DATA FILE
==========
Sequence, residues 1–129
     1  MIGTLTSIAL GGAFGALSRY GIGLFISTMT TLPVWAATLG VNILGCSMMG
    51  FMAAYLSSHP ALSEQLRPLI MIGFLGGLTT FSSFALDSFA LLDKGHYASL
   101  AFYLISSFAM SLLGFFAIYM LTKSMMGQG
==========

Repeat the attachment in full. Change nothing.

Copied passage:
Sequence, residues 1–129
     1  MIGTLTSIAL GGAFGALSRY GIGLFISTMT TLPVWAATLG VNILGCSMMG
    51  FMAAYLSSHP ALSEQLRPLI MIGFLGGLTT FSSFALDSFA LLDKGHYASL
   101  AFYLISSFAM SLLGFFAIYM LTKSMMGQG